The tool has been developed to register all incoming baggage headed for either transfer or offloading. It consists partly of scanners situated at the unloading belts, the transfer belt and the arrival belts, and partly of a website for ground handlers to use. When scanning a passenger’s bag-tag slip (or bingo tag), the system will immediately tell if the bag has been scanned in CPH. CPH has invested in the scanners and developed the system, and provided all ground handers with access to the system free of charge.
The system was developed in close collaboration with the ground handlers. CPH acknowledges the responsibility of being an infrastructure provider, and that all guests here are a shared responsibility between airlines, ground handlers and airport. CPH also acknowledges that ground handlers are the real experts in ground handler needs, and rather than building a tool and asking ground handlers to use it, we built it based 100% on the ground handlers’ needs. The CPH priority was to deliver a usable product that would be adopted and widely used, rather than having to be the one coming up with the great solutions. So based on a humble approach, daily correspondence and prototype testing, the administration part of the system was built, tested and fully implemented in four months. All handlers were now able to access the database with registered bag tags, regardless of airline or handler arrangements. The data is saved for 10 days, in order to minimize the risk of duplicates, as bag tag numbers are reused every so often. The system provides only the bag tag number, and thus no address or other personal information (which would be tracked via, for example, World Tracer) is displayed, which could raise GDPR concerns.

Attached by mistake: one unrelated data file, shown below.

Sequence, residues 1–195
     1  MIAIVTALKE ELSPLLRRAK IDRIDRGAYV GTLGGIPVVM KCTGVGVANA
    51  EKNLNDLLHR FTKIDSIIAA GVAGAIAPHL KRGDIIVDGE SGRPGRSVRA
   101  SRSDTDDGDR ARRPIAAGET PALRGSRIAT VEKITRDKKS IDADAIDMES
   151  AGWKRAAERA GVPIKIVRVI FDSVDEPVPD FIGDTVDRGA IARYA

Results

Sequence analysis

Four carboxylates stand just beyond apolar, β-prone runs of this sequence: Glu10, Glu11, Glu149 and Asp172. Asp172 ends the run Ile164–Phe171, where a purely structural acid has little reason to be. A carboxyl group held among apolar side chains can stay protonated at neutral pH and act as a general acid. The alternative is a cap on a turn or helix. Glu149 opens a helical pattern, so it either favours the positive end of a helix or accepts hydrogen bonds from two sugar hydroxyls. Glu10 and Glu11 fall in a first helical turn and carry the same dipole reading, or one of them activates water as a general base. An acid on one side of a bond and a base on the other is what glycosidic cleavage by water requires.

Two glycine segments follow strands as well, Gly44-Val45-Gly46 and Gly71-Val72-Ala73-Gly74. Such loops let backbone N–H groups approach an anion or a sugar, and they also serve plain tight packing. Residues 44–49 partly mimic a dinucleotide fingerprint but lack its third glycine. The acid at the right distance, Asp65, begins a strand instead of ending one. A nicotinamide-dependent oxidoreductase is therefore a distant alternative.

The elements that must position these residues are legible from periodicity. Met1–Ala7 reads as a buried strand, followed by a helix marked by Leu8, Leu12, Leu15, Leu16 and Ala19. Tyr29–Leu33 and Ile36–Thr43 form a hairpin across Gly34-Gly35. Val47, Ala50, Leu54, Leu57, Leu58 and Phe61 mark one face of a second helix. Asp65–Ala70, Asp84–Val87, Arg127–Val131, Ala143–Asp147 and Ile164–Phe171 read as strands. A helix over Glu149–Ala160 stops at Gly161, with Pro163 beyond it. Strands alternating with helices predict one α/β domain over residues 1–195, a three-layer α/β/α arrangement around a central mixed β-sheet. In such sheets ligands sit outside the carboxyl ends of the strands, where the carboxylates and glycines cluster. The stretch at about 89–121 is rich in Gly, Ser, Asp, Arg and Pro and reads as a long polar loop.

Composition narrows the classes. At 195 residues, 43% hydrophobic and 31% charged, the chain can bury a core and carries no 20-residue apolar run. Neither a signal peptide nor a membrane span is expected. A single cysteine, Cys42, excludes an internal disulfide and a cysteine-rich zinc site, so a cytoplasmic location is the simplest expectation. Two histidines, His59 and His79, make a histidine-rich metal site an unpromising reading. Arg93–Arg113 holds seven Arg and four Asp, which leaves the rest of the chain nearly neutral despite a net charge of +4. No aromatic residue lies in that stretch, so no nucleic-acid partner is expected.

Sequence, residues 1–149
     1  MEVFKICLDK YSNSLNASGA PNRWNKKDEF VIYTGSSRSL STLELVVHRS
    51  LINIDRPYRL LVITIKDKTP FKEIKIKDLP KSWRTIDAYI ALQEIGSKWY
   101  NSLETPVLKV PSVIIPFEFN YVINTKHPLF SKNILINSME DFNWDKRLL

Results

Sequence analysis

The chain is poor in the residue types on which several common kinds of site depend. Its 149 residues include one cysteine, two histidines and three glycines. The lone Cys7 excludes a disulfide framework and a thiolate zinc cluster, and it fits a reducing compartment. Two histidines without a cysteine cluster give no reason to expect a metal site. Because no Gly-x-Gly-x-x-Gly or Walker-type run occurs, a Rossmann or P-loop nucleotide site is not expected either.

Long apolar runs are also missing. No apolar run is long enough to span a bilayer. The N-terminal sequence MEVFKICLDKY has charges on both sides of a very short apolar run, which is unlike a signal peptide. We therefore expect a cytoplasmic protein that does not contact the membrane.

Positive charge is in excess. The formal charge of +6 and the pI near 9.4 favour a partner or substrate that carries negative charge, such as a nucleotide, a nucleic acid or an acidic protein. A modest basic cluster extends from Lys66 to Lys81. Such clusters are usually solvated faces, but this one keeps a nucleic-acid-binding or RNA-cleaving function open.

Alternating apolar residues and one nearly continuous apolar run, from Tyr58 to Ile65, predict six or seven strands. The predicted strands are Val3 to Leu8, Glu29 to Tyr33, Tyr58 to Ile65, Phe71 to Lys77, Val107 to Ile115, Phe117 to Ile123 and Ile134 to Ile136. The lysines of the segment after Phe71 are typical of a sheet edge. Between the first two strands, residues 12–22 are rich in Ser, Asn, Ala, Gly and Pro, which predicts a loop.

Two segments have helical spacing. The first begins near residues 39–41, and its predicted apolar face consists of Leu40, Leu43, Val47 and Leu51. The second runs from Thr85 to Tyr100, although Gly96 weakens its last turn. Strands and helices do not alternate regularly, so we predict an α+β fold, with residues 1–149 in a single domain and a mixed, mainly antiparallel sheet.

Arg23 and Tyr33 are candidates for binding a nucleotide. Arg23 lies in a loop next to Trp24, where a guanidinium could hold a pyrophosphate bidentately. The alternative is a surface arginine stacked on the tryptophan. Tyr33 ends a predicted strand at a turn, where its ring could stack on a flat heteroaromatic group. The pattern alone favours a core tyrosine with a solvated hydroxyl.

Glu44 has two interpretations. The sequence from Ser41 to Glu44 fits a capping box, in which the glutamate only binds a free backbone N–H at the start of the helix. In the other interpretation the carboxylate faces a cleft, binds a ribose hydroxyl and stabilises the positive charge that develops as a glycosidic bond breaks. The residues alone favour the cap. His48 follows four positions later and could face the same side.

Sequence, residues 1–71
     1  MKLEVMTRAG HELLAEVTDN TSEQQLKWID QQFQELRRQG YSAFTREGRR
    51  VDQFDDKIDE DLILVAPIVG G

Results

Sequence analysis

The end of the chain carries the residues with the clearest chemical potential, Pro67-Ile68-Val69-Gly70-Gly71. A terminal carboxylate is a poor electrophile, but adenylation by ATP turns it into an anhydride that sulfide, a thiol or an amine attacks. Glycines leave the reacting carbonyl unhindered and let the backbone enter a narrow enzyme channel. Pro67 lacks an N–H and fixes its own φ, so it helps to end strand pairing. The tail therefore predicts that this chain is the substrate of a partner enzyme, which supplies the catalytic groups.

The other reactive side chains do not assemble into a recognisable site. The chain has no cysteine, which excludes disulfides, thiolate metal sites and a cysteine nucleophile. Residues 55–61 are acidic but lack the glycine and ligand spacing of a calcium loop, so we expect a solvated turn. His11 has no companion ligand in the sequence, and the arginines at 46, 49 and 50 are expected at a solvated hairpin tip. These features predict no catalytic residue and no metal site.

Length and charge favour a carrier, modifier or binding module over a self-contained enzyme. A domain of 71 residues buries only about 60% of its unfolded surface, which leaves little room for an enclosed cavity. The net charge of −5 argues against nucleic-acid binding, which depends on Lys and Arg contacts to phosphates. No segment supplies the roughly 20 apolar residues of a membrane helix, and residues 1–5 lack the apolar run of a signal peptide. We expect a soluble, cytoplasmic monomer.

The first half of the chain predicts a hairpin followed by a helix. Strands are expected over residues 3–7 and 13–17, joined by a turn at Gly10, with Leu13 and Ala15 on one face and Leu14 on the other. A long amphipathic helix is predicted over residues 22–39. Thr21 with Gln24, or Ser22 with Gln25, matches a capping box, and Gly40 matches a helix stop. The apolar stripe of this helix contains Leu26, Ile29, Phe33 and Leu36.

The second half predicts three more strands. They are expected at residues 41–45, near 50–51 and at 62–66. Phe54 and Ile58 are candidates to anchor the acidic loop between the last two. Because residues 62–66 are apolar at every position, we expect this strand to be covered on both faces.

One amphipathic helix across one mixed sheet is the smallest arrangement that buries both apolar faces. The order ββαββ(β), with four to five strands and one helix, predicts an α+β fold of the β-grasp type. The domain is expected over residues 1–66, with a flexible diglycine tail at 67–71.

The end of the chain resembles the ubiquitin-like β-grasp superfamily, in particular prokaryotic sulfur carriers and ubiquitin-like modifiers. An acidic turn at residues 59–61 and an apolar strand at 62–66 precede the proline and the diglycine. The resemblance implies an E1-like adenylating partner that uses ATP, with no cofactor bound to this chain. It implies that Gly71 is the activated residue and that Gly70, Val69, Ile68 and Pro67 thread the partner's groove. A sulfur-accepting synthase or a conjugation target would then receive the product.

Can the 32% positives be improved? How?
The system was developed in Q3 and Q4 2018. In 2019, the system conducted about 65,000 searches for missing baggage, and established that around 21,000 of these presumed-missing bags were actually already in CPH and, as a, consequence handed over to the happy passengers. As the passenger assumes that the bag is missing when he/she enters the counter, 21,000 of 65,000 (approximately 32%) is a fairly high number. The remaining 68% of the searches are actually short-shipped, and should follow the same procedure for courier shipment when arrived at CPH.